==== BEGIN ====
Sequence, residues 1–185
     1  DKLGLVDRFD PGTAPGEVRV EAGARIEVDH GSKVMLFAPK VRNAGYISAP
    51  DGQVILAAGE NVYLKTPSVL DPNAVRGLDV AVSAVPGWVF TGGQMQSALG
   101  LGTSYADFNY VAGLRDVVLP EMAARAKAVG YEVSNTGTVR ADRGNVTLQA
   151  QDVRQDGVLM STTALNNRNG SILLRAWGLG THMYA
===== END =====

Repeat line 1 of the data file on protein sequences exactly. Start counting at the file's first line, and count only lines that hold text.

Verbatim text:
Sequence, residues 1–185